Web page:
Yes, it is throw-down time again. Here we will separate the wheat from the chaff and find out if you are really a “foodie”. If you consider yourself to be a high brow food connoisseur of any sort, some of my throw-down recipes will horrify you and you will run away. The rest of us will be sitting here having a slice of Pudding Pie, made with a pile of very uncouth ingredients and loving every minute of it. This is why I don’t call myself a foodie, because I love this easy stuff and it disqualifies me from the hallowed and exclusive halls of dyed-in-the-wool food snobbery. If it is good, I eat it. I try to avoid processed foods for the most part, but when it is time for a throw-down…it is time for a throw-down.
But, if it is a from scratch, labor intensive, chocolate pie that you seek, fear not. Please see my post on Chocolate Pie with a Leaf Lard Crust. It is the pinnacle thus far of my chocolate pie efforts. This, on the other hand is a throw down chocolate pie and it is also one of my favorite things on Earth.
In fact, this is probably the very first pie that I ever made. One must start somewhere. My grandmothers taught me many things, but pie making was not one of them. My life resonated with Americana summer spirit (albeit of an entirely non-Rockwellian nature) that conjures mental pictures of pies cooling on window sills, but we were usually in the lake swimming and fishing, not perfecting pastry. My beloved cousin, Joey, and I made extravagant mud pies out of clay and moss, but no real ones.
And pastry crusts seem intimidating. They shouldn’t but they do. There are a few simple tricks that make them much more nicely behaved, but there is a definite learning curve. For those who have jumped into the deep end and made a perfect lattice crust cherry pie on their first time out…awesome! The rest of us start here.
Once you are a pie fanatic and make all pies from absolute scratch, there will still come a day when you need to feed dessert to a lake cabin full of twelve-year-olds. You will be standing about, sunburned, sweaty, stinky, and bedraggled and they will all be looking at you like, “if you really are the super-mom (dad…uncle…aunt, etc.) you seem to be…you will have taught us how to water-ski, washed all the beach towels, and you will have made dinner and a pie.” My friends, this is that pie.
This is a brutal shopping list (she says as she rolls her eyes at herself): graham cracker crust (yes, pre-made…baking aisle), two big boxes of chocolate pudding, Cool-Whip, and 2% milk.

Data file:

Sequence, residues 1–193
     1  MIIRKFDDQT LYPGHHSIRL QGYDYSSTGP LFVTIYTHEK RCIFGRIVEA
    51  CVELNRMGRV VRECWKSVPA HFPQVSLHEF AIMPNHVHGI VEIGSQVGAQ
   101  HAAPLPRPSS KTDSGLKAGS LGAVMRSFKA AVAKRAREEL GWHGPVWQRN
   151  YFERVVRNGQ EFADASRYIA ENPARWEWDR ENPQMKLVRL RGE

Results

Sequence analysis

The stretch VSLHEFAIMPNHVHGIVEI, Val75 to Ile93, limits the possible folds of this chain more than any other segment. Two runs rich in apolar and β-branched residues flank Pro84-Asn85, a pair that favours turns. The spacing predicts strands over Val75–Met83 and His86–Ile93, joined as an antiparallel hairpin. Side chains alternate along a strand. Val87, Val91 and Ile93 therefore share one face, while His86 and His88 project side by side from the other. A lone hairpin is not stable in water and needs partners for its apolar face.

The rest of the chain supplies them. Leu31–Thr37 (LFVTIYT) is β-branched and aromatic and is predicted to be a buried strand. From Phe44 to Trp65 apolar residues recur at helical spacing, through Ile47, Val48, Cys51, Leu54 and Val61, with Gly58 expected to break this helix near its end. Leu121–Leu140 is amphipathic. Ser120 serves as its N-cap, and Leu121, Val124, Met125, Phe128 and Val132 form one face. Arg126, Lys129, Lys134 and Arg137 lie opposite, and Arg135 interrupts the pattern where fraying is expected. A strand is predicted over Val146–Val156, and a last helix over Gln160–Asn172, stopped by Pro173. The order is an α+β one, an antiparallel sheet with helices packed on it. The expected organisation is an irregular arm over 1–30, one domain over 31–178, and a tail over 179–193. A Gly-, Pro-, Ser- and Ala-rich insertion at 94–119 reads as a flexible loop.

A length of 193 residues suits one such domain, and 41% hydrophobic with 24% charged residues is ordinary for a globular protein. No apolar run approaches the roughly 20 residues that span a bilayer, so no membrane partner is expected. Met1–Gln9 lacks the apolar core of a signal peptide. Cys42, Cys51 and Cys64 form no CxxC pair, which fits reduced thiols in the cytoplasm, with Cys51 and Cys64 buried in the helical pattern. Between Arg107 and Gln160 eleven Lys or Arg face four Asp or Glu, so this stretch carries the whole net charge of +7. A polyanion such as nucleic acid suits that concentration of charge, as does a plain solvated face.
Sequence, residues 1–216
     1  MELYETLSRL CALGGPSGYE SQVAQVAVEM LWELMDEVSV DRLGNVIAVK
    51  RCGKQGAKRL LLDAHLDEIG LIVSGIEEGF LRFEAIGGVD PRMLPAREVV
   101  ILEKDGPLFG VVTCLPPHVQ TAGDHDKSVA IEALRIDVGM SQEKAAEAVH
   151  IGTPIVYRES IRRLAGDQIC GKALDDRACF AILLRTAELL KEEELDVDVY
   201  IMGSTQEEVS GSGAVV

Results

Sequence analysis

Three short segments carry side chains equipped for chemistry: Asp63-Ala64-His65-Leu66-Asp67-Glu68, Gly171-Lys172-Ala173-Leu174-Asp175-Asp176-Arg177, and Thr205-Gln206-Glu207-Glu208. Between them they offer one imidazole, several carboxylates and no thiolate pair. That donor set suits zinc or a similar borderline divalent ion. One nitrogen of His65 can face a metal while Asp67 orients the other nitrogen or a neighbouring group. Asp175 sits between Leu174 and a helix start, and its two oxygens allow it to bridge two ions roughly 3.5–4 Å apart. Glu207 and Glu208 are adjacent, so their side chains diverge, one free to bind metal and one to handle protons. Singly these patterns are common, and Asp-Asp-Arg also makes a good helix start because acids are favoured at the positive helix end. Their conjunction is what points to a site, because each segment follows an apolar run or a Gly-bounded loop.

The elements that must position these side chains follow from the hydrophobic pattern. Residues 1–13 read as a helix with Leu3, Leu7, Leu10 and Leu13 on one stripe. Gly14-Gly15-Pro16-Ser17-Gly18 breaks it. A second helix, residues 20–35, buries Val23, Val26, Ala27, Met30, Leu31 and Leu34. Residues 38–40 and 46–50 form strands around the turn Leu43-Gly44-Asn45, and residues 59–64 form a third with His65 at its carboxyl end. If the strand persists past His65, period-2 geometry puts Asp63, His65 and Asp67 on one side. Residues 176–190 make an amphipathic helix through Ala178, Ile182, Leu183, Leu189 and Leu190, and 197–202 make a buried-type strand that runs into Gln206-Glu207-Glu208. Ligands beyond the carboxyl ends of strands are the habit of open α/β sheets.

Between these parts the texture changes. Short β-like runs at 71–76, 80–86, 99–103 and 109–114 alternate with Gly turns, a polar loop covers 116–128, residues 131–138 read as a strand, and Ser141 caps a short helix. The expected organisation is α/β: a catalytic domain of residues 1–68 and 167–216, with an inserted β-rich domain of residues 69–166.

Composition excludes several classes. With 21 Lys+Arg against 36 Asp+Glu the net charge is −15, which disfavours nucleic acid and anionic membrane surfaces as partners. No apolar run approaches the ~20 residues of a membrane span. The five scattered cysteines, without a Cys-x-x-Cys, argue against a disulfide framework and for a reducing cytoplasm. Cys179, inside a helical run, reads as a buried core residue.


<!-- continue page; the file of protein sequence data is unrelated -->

Now, you can take many of these component parts and create them from scratch. You can whip whipping cream, you can crush graham crackers to make the crust with sugar and butter. You can. I know you can. You know you can. But if you do, you are cheating. Because this is a throw-down, and it needs to be in the fridge chilling in 15 minutes so that you and the hellions can have it for dessert, after the Taco Soup or the Mac ‘n Cheese. There are no prizes for going homemade on any of this. Embrace the throw-down. Give yourself a break from the unrelenting, competitive, over-wrought, pain-in-the-butt exercise that cooking for guests can sometimes be. Because, I’m telling you…this is good stuff. Save the three hour pie for a day when you can bathe in the beauty of the process and enjoy each step. Pie is supposed to feel good to make and to serve. And in a crazy world, sometimes that is going to be Pudding Pie.
1 (9 oz.) 10 inch Pre-Made Graham Cracker Crust
2 boxes (5.9 oz) of Jell-O instant chocolate Pudding
1 (8 oz.) container of Cool-Whip
4 cups 2% milk
1. Prepare the crust according to package directions by baking it for a short period of time. Allow the crust to cool completely.
2. Combine the pudding mix and the milk and whisk it vigorously for two minutes, taking care to eliminate any lumps. Allow the pudding to sit for an additional two minutes.
3. Scrape the pudding into the prepared pie shell and smooth it with a rubber spatula. Cover the pie and place the pie in the refrigerator for at least 2 hours. Note that the plastic pie crust liner can be flipped over to make a nifty cover for the pie.
4. Approximately 30 minutes before serving the pie, stir the Cool Whip until it is nice and creamy. Place all of the Cool Whip on top of the chocolate pie and spread it around evenly. Place the pie back in the refrigerator for an additional 30 minutes. Enjoy.
Note: If you cannot find the bigger pie (10”) crust, you can still easily make this pie. Just adjust how much pudding and Cool Whip you use accordingly and save the rest for a snack for the next day. Also, if you like a creamier filling, you can whisk some of the Cool Whip into the pudding for a lighter (in color and flavor…not in calories obviously) filling. Feel free to throw some chocolate sprinkles on the top if you are feeling ambitious…but this is perilously close to cheating, too.
And finally, sometimes these crusts crumble a bit. Sometimes the pudding has little lumps. And sometimes your daughter will try to remove this five pound pie from the fridge on her own and fold it like a taco. Don’t sweat it. Don’t worry. It is a throw-down. Just enjoy it.